Vulcanizing The factory requires a large number of aluminium shoe lasts because the sole lining, toe-cap and upper of each shoe is assembled on a model last and is finally welded into a satisfactory whole by being placed still on its last, in a vulcanising chamber. Hundreds of shoes go into a single chamber at one time, each hanging separately from rods. They remain at a temperature of 120 degrees Fahrenheit for 45 minutes. The apparatus is fitted with an automatic safety valve and a gauge to prevent the brai from rising too high or falling too low. The heat does not affect the canvas, and the result of the vulcanising is that the shoes stand up against wear is a way which they would not do if merely stuck together with rubber solution. Motorists and cyclists will appreciate the difference between hand repair of a rubber tube and the vulcanizing of the patch.

The Factory Plant The factory plant includes a 130 horse power electric motor, five additional smaller motors and two crude oil engines. Steam passes through all rollers dealing with crude rubber. Dozens of specially built Singer Sewing machines, electrically drives, perform the sewing operations at lightning speed. The factory has its own repair plant. The cases in which the crude rubber arrives from the Federated Malay States are converted on the premise into export cases by the factory’s carpentry department. All day long, men specially engaged from Shanghai make the lasts. The aluminium similar to the metal used in the linotype machine, cools rapidly and the lasts are completed at great speed. In order to meet the demands of the plant one hundred lasts have to be made of each of the 24 sizes of each pattern of shoes, and the result is that there are at the moment on the premise approximately 225,000 pairs of lasts. In the factory office are hundreds of pairs of “reference samples” representing orders which have been filled in times past which can be repeated if necessary.One of the trials of the business one gathered, is that customers frequently ask for “something different” from stock pattern for instance, the toe decoration of the model and the strap fastening of another. Or they want six eyelet holes or four eyelet holes, instead of two. Sometimes what seems like a trifling request from the customers involve expensive adaptation of machineries. Large stock of up to 250,000 pairs The total output of the factory is booked up for many months to come.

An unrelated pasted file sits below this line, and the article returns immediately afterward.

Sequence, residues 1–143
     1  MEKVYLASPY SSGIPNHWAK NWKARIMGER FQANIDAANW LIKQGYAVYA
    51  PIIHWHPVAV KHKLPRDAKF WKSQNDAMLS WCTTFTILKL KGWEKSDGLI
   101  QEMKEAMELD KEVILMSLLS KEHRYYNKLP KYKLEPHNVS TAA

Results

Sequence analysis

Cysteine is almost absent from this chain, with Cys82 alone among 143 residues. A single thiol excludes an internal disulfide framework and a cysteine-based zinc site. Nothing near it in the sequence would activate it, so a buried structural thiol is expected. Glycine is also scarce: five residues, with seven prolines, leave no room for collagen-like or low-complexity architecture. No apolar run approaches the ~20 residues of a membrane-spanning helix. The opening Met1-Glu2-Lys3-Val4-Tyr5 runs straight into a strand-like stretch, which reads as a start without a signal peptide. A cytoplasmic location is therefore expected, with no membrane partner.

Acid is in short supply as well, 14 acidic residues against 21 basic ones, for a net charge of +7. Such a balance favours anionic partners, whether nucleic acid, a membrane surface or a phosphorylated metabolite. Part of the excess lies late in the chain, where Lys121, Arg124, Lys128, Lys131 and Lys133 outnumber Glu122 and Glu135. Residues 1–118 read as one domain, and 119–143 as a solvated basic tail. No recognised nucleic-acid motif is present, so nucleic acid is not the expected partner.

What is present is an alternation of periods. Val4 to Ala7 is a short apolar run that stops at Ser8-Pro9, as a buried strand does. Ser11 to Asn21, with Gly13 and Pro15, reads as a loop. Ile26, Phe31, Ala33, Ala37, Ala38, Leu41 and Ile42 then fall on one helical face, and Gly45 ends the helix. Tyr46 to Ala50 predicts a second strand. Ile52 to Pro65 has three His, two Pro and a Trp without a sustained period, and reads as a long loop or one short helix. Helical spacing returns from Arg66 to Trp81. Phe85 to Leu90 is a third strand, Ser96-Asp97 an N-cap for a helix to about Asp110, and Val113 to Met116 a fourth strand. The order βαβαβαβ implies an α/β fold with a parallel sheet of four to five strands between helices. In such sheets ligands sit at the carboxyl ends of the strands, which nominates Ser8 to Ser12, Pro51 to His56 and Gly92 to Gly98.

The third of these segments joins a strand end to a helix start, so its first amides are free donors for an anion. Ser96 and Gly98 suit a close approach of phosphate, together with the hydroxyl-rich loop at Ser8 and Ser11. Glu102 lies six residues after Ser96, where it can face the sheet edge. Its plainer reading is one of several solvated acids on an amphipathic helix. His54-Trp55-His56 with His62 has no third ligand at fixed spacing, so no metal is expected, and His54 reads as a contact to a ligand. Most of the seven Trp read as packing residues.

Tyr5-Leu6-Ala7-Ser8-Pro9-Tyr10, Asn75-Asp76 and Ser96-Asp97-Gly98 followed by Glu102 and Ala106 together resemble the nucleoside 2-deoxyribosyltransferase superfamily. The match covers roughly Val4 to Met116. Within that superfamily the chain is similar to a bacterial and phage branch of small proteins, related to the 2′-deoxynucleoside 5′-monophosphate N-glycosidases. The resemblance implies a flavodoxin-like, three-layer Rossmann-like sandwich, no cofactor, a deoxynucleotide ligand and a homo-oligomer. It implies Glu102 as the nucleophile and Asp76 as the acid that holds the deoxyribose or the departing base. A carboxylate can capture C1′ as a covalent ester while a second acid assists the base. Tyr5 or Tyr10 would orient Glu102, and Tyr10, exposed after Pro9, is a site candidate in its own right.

Fung Keong Plant, Undated Courtesy York Lo

THe Fung Keong Plant, Shau Kei Wan, 1957, Courtesy: HKU Libraries and York Lo

On December 21 st , 1934, Hong Kong Governor Sir William Peel accompanied by Secretary of Chinese Affairs N.L. Smith and Inspector of Factories F. Meade visited the Fung Keong factory in Shaukiwan. (4) According to the Hong Kong Daily Press, the Governor visited twenty odds departments of the factory from raw materials to finished shoes and was “delighted”. The visit must have been one of the proudest moments in Fung Keong’s life as the event was specifically highlighted and the picture was reprinted in his bio in the Wan Fou County Records. The HK Daily Press article mentioned that “its products, which consist of a few hundred styles of shoes are exported in large quantities both to China and to foreign countries, and the business has since been very flourishing and prosperous”. It further adds that “this is the result of Mr Fung Keong’s many years experience and study acquired from abroad. It is not very much affected by the present depression on account of the recognised superior quality of its products and the various markets acquired, and also backed by a sound financial standing”. At that point Fung Keong Rubber was an unlimited company with Fung Keong as its sole owner.

Fung Keong Gov Peel etc 21.12.1934 Wan Fou County Records, York Lo

First row left to right: F. Meade (inspector of Factories), Fung Keong, Governor Peel, N. L. Smith (Secretary for Chinese Affairs), Ngan Shing Kwan (顏成坤 Chairman, China Motor Bus), Ignatius Tang (manager of Fung Keong Canton factory); Second row left to right: Mr Au Kai-ming (歐啟明), Mr. Fok Kam-shek (霍金石), Mr. Fung Che-yee, Mr. Pang Kam-wing(彭錦榮), Mr. Fung Yat-hing (馮日興)and Mr. Tang Chi-nam (鄧子楠).